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his trumpet to call his troops to this battle, let all men consider and observe the certain and terrible success.

XVIII. 4 For so the LORD said unto me, I will take my rest, and I will consider in my dwelling place like a clear heat upon herbs, and like a cloud of dew in the heat of harvest. I will for a time forbear judgment, and be as a mere looker on, acting nothing; but, in the mean time, I will have an eye to my Church and people, and will be to them as a kindly heat is to the drooping herbs, or as a sweet dew in the scorching heat of harvest.

XVIII. 5 For afore the harvest, when the bud is perfect, and the sour grape is ripening in the flower, he shall both cut off the sprigs with pruning hooks, and take away and cut down the branches. Meanwhile, if their enemies prosper for a time, it shall not always be so; for when their hopes are come to the height, he shall defeat them : immediately before the autumn, when the bud is come to perfection, when the grape is upon the point of ripening, I will cut off their sprigs and boughs with pruning knives, and disappoint all their expectation.

XVIII. 6 They shall be left together unto the fowls of the mountains, and to the beasts of the earth : and the fowls shall summer upon them, and all the beasts of the earth shall winter upon them.

The carcasses of their enemies shall be cast out as dung; and shall be a prey, both to the fowls of the inountains, and the beasts of the field; and lie there rotting, both in the summer and winter, till they be consumed.

XVIII. 7 In that time shall the present be brought unto the LORD of hosts of a people scattered and peeled, and from a people terrible from their beginning hitherto; a nation meted out and trodden under foot, whose land the rivers have spoiled, to the place of the name of the Lord of hosts, the mount Zion. In that day, through the mercy of God remembering the miseries of his people, the remaining Jews shall offer themselves to him, as a holy, lively, acceptable sacrifice : even that despised and for. lorn people of the Jews, that hath undergone all the despites and uppressions of nations, and been overwhelmed with the multitude of enemies, shall devote themselves to the Lord in mount Zion, and his holy temple.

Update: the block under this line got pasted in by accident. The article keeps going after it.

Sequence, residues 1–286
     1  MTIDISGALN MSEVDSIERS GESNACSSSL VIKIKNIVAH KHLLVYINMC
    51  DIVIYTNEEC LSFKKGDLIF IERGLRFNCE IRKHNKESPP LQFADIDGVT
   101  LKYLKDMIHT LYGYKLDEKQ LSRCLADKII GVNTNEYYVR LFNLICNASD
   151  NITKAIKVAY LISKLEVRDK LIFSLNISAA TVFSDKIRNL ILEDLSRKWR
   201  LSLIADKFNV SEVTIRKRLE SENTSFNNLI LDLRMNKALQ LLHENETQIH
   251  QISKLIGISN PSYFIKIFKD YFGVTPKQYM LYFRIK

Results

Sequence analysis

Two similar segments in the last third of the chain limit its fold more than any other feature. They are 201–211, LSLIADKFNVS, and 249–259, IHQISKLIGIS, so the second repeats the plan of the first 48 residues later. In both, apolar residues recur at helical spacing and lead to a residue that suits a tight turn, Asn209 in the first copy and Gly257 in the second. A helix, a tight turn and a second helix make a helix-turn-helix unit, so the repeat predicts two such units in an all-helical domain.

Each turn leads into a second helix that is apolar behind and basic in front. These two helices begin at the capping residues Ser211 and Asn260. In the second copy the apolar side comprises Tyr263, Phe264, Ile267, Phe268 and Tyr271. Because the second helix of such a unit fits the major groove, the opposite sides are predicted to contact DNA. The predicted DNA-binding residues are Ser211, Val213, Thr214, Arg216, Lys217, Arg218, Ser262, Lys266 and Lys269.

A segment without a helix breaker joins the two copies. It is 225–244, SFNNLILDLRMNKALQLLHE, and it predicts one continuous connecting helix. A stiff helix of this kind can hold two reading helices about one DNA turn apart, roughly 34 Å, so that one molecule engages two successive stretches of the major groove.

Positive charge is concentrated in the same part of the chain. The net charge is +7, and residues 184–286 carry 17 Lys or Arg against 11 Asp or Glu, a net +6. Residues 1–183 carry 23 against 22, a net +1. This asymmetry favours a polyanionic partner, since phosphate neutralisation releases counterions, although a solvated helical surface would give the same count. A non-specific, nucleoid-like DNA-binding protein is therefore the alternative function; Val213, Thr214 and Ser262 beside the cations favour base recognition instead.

XIX. 1 Behold, the LORD rideth upon a swift cloud, and shali come into Egypt: and the idols of Egypt shall be moved at his presence, and the heart of Egypt shall melt in the midst of it. Behold, the Lord comes, with a wonderful swiftness and unresistible power, to be revenged upon Egypt; and the idols of the Egyptians shall be cast down before him, and the hearts of the Egyptians shall be utterly dismayed.

XIX. 4 And the Egyptians will I give over into the hand of a cruel lord; and a fierce king shall rule over them. And I will give over the Egyptians into the hand of cruel tyrants, which shall oppress them, as they have done my people heretofore; both of their own, and of the Assyrians, &c.

XIX. 5 And the waters shall fail from the sea, and the river shall be wasted and dried up. And, whereas they trust in the beneficial waters of Nilus, which gives them both plenty and protection, behold, their hopes shall deceive them; for those waters shall be intercepted and dried up.

XIX. 6 And they shall turn the rivers far away; and the brooks of defence shall be emptied and dried up: the reeds and flags shall wither. Even their channels shall be quite emptied, and the waters derived into other streams; so as the mud thereof shall be hardened; and the reeds and Aags, which grew therein, shall be quite witbered.

XIX. 7 The paper reeds by the brooks, by the mouth of the brooks, and every thing sown by the brooks, shall wither, be driven away, and be no more. That plant, which yieldeth the rich commodity of paper, which grows along the brooks; and every other thing, which is set or sown by those otherwise fruitful banks; shall now, through extremity of drought, be destroyed and lost.

XIX. 9 Moreover they that work in fine flar, and they that weave networks, shall be confounded. Moreover, through the failing of Nilus, all those curious and wealthy trades of them, who work in fine flax and weave networks, the matter whereof had wont to be imported by those streams, shall be utterly undone and disappointed.

XIX. 10 And they shall be broken in the purposes thereof, all that make sluices and ponds for

fish. All they, that live upon the benefit of their fishponds and sluices, preserving in these commodious stews those fishes which they take and sell for advantage of gain, shall be now defeated of their trade.